Debra Bohnson was running on the track at Colby College during the Special Olympics when one of her competitors stumbled and fell behind her. She stopped, helped the girl up and held her arm so they could cross the finish line together.

When Miss Bohnson’s friends, family and caregivers gather Sunday for visiting hours and a chapel service in South Portland, they will remember a woman whose medical challenges left her with a child’s innocence throughout her 39 years.

They also will say goodbye to someone who showed people around her how to make the most of life, regardless of its difficulties.

“She was wonderful. She was unique. She inspired people. She made people care,” said her mother and longtime caregiver and advocate, Barbara Berry of Windham.

Miss Bohnson died on Sunday at Maine Medical Center in Portland from colon cancer, a sudden and unexpected diagnosis.

She was remarkable even as a baby. When she was 7 months old, doctors called her a genius because she was so advanced in toilet training, getting around, comprehension and early vocabulary, said her mother.

“Her eyes just glittered with excitement and a joy of life,” she said.

When she was 8 months old, a stroke damaged Miss Bohnson’s brain, triggering 400 seizures a day. She endured multiple medical treatments, and her resulting condition was severe cognitive impairment.

She was sent to specialists in Boston. Her case was so unusual that it was written up in medical journals. What made her special, though, was how she responded.

She struggled to walk on her own. For several years, she endured five to six hours of physical therapy a day.

Miss Bohnson’s mother was an accomplished physical therapist, with training in helping stroke victims. She worked every day with her daughter, making sure the muscles on her left side — which was affected severely by the stroke — didn’t tighten and lose mobility.

“She was good natured and it was peaceful,” her mother said. “I would bring her in to inspire stroke patients who had given up.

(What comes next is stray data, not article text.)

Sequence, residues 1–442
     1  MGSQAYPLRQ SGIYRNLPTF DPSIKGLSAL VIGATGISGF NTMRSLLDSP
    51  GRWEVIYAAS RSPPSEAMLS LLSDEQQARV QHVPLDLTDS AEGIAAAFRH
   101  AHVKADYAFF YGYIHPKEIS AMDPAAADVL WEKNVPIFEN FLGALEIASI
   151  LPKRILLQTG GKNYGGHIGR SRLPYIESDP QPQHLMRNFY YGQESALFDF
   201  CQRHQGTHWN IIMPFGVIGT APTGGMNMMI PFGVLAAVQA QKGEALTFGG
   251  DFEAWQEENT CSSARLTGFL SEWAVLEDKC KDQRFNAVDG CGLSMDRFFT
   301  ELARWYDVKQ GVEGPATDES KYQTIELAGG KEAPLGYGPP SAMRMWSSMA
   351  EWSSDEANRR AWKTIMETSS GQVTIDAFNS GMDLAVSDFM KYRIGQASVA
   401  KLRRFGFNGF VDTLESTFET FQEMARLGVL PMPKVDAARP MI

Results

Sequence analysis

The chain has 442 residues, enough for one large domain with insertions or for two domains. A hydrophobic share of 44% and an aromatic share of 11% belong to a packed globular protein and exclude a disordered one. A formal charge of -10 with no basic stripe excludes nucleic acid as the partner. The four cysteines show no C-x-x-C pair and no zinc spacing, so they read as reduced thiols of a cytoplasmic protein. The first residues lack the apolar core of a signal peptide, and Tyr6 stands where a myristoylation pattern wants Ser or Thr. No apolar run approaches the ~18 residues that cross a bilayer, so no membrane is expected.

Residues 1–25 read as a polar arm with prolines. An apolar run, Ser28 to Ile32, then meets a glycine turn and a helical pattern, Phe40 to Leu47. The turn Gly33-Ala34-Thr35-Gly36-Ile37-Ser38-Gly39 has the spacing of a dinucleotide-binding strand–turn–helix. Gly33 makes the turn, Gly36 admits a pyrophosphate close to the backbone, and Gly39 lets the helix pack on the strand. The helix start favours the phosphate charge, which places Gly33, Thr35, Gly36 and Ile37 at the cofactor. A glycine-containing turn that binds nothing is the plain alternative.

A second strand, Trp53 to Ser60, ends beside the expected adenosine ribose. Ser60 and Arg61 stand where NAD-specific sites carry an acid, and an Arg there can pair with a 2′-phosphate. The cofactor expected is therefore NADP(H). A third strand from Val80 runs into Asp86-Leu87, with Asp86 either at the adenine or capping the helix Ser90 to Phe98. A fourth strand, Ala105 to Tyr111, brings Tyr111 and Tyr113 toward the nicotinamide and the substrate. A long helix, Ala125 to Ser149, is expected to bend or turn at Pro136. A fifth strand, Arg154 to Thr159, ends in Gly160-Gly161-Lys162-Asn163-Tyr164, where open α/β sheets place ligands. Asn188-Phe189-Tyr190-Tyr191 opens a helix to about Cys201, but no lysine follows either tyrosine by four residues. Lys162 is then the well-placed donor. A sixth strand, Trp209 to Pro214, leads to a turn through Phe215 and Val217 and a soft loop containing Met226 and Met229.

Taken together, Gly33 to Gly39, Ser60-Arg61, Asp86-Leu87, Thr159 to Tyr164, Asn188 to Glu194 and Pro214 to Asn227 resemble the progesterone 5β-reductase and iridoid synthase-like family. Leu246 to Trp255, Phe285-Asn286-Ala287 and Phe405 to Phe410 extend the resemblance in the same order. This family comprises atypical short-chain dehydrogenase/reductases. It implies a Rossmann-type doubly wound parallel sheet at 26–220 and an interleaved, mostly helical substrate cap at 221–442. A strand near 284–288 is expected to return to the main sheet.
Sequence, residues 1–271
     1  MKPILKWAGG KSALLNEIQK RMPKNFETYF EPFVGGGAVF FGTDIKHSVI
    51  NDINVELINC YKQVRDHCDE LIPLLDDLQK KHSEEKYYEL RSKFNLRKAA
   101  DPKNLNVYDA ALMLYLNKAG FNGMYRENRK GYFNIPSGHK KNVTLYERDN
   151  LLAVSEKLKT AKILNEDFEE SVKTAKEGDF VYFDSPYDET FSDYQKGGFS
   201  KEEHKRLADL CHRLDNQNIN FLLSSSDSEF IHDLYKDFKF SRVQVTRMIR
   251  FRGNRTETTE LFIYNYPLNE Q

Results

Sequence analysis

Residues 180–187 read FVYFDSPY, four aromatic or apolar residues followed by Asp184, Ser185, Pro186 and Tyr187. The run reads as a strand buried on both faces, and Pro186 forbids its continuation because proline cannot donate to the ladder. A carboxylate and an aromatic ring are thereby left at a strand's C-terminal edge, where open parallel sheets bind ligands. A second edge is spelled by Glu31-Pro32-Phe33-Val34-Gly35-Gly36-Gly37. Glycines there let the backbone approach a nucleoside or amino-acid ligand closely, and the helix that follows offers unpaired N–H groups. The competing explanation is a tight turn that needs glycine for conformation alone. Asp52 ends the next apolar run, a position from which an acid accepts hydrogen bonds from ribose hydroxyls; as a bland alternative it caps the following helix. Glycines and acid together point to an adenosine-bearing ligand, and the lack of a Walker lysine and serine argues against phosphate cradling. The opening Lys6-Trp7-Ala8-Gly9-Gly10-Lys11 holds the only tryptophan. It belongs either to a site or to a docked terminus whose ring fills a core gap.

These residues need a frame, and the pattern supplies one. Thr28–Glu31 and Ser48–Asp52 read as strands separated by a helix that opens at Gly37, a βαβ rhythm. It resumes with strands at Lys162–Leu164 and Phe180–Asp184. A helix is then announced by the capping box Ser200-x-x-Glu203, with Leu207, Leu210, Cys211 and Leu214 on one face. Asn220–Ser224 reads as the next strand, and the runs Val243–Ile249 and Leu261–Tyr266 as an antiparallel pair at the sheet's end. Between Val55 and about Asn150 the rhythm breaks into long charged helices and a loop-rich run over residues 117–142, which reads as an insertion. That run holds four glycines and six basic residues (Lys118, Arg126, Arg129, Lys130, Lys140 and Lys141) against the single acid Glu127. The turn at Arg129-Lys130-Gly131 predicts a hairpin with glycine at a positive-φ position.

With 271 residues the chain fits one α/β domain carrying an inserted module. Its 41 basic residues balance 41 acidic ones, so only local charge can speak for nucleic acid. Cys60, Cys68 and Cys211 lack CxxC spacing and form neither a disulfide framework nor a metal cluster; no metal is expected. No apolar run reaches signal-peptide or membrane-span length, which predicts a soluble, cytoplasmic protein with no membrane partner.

“My daughter touched so many lives and she gave so many parents courage,” she said.

Miss Bohnson’s case was reported in the Maine Sunday Telegram as her parents worked to publicize the lack of community services for the disabled and their families. Miss Bohnson had lived at Pineland for many years and received excellent care there, her mother said. When the state facility closed, there were few options.

Miss Bohnson ultimately moved into a group home designed around her and a few others who had severe disabilities. There, she took great pleasure from simple activities and accomplishments.

She enjoyed delivering the mail, helping with household chores and pushing the wheelchairs of other residents. She relished praise for a job well done.

She tirelessly blew kisses and gave hugs.

“There were parts of her that were still so smart, and she had a wicked sense of humor,” her mother said. “She’d watch television with us and she’d catch something funny before we would and laugh out loud.”

She earned the nickname “Sunshine” for her spontaneous joy and relentless good cheer. It could just have easily applied to the people around her, who were warmed by her affection and impressed by her nurturing nature.

“She was happy — more than a lot of people that have a normal life as far as I can see,” said her father, Richard Bohnson Jr. of Gray. “She never didn’t have a smile on her face.”

In 14 years at her group home in Auburn, Miss Bohnson earned a reputation as a social butterfly and a glamor queen, who loved dressing up and getting her picture taken, her mother said.

She loved dancing, especially with her stepfather of 35 years, Howard Berry.

“She loved to slow dance and rest her head on his shoulder. She would close her eyes and it would be like a cat with catnip,” her mother said.

Even in her final days, in Maine Medical Center’s special care unit, Miss Bohnson was impressing the staff and other patients.

“Debbie was still reaching and teaching people how very rewarding it was to become part of her little world,” her mother wrote in an online obituary for Hobbs Funeral Home.

Her family expects many friends at the visiting hours at Hobbs Funeral Home on Cottage Road. A second celebration is scheduled July 26 for those who cannot attend on Sunday.

Staff Writer David Hench can be contacted at 791-6327 or at:

dhench@pressherald.com